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gene
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September 13, 2011, 09:00:46 AM
 #41

It's not my job to hand-feed you. I provided some initial references, and now it is up to you to explain why your method is superior. You have not.

The reasons why eksblowfish is several orders of magnitude harder to bruteforce that other algos (like SHA, or N interations of hash-x) have little to do with iterations. It is because hashes were never designed to encrypt passwords, despite what theymos may think. They are, in part, designed to be fast. This is the opposite of what you want when protecting from password cracking (slow).

from http://www.skein-hash.info/about :
Quote
The Skein Hash Function Family
Fast, Secure, Simple, Flexible, Efficient. And it rhymes with "rain."

[...]

Skein is fast. Skein-512—our primary proposal—hashes data at 6.1 clock cycles per byte on a 64-bit CPU. This means that on a 3.1 GHz x64 Core 2 Duo CPU, Skein hashes data at 500 MBytes/second per core—almost twice as fast as SHA-512 and three times faster than SHA-256. An optional hash-tree mode speeds up parallelizable implementations even more. Skein is fast for short messages, too; Skein-512 hashes short messages in about 1000 clock cycles.

The references explain why eksblowfish is so good at being slow. But go ahead... keep "daring" me to explain (the references that I posted in this thread do an ample job, for those who are interested). I will admit that your taunts amuse me, however.

The post of yours that I linked is salient because it demonstrates your level of understanding of security issues. You seem to think that just by nesting questionable mechanisms N times, that you have achieved some sort of a secure cascade effect. This is demonstrably untrue in your "methods," as FalconFour described. It may help others decide wether or not to trust your scheme if they know what other schemes you have proposed on these very fora.

Also, the burden of proof rests on the person who presents new methods. You.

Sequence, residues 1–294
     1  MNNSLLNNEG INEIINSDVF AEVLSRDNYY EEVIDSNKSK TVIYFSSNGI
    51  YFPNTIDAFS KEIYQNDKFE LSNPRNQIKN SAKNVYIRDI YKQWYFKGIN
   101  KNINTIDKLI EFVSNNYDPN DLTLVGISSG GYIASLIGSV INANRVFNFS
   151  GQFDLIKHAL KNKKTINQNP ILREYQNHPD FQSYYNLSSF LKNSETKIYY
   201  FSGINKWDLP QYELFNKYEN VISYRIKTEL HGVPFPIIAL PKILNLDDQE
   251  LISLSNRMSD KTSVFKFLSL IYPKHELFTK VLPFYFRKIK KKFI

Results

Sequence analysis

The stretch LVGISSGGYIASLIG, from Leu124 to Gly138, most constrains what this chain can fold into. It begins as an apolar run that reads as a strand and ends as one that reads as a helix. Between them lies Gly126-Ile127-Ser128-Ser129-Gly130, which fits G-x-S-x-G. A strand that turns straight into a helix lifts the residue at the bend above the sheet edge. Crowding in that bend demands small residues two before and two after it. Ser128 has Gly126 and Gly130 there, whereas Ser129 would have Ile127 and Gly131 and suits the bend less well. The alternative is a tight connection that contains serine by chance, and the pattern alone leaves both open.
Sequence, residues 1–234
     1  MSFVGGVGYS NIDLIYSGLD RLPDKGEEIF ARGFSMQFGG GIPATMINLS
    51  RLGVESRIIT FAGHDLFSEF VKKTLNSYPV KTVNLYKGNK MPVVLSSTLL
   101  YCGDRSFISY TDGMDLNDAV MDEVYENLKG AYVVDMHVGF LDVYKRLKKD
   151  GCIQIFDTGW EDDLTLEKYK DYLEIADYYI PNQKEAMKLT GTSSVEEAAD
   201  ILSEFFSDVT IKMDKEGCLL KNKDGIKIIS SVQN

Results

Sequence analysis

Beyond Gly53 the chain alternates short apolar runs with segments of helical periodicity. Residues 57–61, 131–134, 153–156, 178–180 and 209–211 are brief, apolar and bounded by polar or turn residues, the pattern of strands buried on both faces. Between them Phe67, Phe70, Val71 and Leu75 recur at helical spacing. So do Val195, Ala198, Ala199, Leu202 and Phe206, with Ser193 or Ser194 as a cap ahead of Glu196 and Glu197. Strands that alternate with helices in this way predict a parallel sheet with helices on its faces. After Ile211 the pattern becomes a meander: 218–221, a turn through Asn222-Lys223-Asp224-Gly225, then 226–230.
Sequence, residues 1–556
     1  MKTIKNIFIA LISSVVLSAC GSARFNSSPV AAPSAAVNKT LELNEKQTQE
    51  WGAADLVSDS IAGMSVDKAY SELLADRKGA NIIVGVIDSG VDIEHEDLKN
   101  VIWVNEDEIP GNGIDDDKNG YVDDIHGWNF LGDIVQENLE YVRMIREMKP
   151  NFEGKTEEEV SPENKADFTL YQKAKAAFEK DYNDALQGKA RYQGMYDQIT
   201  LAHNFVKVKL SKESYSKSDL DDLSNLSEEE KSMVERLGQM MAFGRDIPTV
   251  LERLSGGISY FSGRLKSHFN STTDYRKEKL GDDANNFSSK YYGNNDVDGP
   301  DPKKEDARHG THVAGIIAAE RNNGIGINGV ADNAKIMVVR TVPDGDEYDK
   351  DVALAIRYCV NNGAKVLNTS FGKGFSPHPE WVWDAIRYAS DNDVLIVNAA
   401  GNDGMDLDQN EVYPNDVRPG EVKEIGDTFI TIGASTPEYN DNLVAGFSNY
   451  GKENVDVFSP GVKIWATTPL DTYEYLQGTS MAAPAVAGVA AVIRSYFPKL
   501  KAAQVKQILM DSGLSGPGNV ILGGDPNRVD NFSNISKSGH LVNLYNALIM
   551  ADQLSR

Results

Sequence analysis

Bcrypt is the best tool to protect password databases against offline attacks.

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gene
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September 13, 2011, 10:47:30 AM
 #42

The "strength" of the hashing is irrelevant (even an 80-bit hash function - used properly - cannot be bruteforced by the current bitcoin network in any reasonable time). The only thing that matters is how long it takes to try one key for an attacker. bcrypt and whatever iterated hashing you're using achieve this in a very different way, and it is hard to compare.

It is true by the way that iterated hashing increases the chances for collisions, but only slightly. As explained in an earlier linked post, NIST recommends PBKDF2 for storing passwords, which is in fact based on salted iterated hashing.

So please stop throwing insults to eachother. Yes, bcrypt() is a very good way for storing passwords, but so it a (well implemented) iterated hashing scheme. Iterated hashing schemes are better researched and used, but bcrypt() is somewhat slower to implement in hardware. If you really want maximal resistance to hardware-assisted attacks, scrypt() may be an even better choice, yet even more recent.

Scrypt looks good, and if I were a bit less conservative with these issues, I would use it. The only thing is that it hasn't been around for as long, so maybe not quite as much peer review and bcrypt. I'm not sure if I trust the implementations out there yet. The CYA types love PBKDF2 because it meets all "industry standards," and that is ok, I suppose. After all, everything out of RSA® (The Security Division of EMC Corp.) has been bulletproof, right?  Wink